The Nature of Risk

Life is fraught with risk: Drinking coffee is risky business, and walking out your front door holds hidden dangers. This was demonstrated a few weeks ago when, according to the Washington Post, a man was killed by his coffee mug. Apparently he had stepped out for the morning paper, then tripped and fell. The mug shattered under the weight of his fall, piercing him with a fatal shard. The point of this anecdote is not to raise your safety awareness of the deadly coffee mug, or to highlight the dangers of walking with a beverage. Rather, it is a comically sad illustration of the fact that life is fraught with risk. There is no getting away from it. Life is a game of chance. We take our lives into our hands every day, whether we travel the breadth of oceans or never leave our homes.

Money is no different: Our money is at constant risk as well. For the thousands of years that government and money have co-existed, governments have been stealing from their citizens in the form of inflation. By steadily increasing the supply of money without also increasing the value, all currencies are slowly but surely being debased over time. If you had deposited a large sum into your bank account twenty years ago, then come back and found a large chunk of it gone, you would scream bloody murder. In reality, this is exactly what is happening.

No place risk-free? Money in a mattress is no good; bank accounts are not much better. There is no way to conserve against erosion without making choices, and those choices create risk. Buy a house? The house could burn down, or the real estate market could tank. Invest in your company? If the company fails, you lose your employment and your nest egg at the same time. Buy mutual funds? Pray that the empty mantra of long term works for you, and that you do not face a bear market at the age of 65.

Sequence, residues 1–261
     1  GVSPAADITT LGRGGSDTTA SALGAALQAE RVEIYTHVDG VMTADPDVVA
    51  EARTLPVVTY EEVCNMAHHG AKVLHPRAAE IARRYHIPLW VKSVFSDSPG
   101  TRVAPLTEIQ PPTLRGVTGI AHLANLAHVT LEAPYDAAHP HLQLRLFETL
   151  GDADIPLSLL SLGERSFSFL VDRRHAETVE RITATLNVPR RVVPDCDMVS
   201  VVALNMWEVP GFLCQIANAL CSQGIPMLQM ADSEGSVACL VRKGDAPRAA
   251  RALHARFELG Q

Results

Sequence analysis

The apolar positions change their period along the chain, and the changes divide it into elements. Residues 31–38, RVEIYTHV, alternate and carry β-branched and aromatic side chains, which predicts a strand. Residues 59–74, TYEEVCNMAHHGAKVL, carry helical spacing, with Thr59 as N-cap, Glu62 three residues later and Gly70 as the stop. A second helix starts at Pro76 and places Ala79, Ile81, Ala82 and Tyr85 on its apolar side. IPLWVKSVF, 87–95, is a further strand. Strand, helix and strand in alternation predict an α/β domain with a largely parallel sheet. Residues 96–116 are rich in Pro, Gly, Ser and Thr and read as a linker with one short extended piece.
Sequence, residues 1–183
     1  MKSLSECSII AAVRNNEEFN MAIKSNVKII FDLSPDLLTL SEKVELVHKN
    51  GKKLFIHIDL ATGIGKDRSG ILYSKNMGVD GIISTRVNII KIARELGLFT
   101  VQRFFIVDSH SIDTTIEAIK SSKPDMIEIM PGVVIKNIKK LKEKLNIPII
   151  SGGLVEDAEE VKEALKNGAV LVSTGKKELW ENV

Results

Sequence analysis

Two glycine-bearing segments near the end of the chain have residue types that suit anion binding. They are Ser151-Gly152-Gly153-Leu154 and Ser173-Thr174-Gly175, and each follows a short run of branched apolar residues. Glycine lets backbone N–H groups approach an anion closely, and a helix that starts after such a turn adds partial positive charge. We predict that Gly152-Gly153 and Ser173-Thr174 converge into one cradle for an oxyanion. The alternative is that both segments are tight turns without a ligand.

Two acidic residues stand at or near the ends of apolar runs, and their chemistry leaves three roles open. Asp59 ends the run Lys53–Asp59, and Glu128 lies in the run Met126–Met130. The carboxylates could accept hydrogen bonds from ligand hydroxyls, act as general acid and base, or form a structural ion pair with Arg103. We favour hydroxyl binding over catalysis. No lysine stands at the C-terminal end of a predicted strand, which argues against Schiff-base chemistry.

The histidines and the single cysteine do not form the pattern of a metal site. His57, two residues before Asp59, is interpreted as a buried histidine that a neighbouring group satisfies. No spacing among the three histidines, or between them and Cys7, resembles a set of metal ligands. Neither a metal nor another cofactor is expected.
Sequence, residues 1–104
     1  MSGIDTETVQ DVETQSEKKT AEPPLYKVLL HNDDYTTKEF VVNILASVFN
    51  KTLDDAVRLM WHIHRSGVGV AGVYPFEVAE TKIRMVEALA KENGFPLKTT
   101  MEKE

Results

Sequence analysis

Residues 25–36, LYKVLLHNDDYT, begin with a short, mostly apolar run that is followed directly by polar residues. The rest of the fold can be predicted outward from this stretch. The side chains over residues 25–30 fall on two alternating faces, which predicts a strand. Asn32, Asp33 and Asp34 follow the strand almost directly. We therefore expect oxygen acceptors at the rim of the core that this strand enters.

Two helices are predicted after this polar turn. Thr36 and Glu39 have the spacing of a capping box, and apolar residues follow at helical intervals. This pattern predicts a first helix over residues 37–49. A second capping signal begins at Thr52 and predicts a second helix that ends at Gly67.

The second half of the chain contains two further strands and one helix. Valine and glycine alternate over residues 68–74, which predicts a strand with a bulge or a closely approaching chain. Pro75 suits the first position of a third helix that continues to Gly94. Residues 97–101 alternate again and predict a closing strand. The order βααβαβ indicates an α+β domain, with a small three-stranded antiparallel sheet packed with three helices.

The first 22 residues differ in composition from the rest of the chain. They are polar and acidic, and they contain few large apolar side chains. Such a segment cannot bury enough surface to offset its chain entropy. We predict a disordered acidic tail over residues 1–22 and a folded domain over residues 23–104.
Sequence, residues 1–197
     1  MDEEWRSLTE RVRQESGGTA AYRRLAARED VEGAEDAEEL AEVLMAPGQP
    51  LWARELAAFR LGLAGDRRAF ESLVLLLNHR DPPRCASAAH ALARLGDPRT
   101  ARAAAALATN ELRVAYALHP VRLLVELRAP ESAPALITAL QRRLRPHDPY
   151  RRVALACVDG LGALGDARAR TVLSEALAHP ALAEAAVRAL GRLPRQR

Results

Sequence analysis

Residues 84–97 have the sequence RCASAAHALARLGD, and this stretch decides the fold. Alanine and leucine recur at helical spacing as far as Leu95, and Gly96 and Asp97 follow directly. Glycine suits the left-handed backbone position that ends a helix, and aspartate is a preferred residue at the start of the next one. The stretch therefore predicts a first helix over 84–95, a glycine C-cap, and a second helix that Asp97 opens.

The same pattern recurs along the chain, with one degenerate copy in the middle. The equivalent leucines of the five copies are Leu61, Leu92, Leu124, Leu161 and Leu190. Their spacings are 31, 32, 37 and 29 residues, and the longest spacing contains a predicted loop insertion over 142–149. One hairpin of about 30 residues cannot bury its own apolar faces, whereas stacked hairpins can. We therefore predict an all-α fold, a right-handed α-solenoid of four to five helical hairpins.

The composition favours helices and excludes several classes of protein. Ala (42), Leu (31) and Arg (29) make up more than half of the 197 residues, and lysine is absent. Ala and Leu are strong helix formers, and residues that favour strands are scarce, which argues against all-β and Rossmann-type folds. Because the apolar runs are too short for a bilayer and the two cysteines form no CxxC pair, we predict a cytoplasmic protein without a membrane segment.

The good news is that risk can be turned into profit. This is why the Chinese character for crisis combines the symbols of danger and opportunity. Capitalism does not work on a first come / first serve basis. It rewards those with the brains, guts and determination to find opportunity where others have overlooked it; to press on and succeed where others have fallen short and failed. Every business person is ultimately involved in the business of assessing risk. In the sense of putting capital to work in the hopes of making it grow, all businesses are the same. The right decisions lead to wealth and success; the wrong ones lead to bankruptcy and a redistribution of resources from weak hands to strong as capitalism rolls on.

Got to risk to achieve: It has been said that the amount of risk we take in life is in direct proportion to how much we want to achieve. If you want to live boldly, then you must make bold moves. If your goals are meager and few, they can be reached easily and with less risk of failure, but with greater risk of dissatisfaction once you have achieved them. One of the saddest figures is the person who burns with desire to live, but, to avoid risk, chooses to embrace fear and lives a half life instead. This person is worse off than someone who tries and fails or someone who never had any desire in the first place. Mediocrity condemns itself.

Blind versus calculated: If you study risk, you find there are two kinds, blind risk and calculated risk. The first, blind risk, is useless and a waste of time. Blind risk is the calling card of laziness, the irrational hope, something for nothing, the cold twist of fate. Blind risk is the pointless gamble, the emotional decision, the sucker play. The man who embraces blind risk demonstrates all the wisdom and intelligence of a drunk stepping into traffic.

However, calculated risk has built fortunes, nations and empires. Calculated risk and bold vision go hand in hand. To use your mind, to see the possibilities, to work things out logically, and then to move forward in strength and confidence is what places man above the animals. Calculated risk lies at the heart of every great achievement and achiever since the dawn of time.

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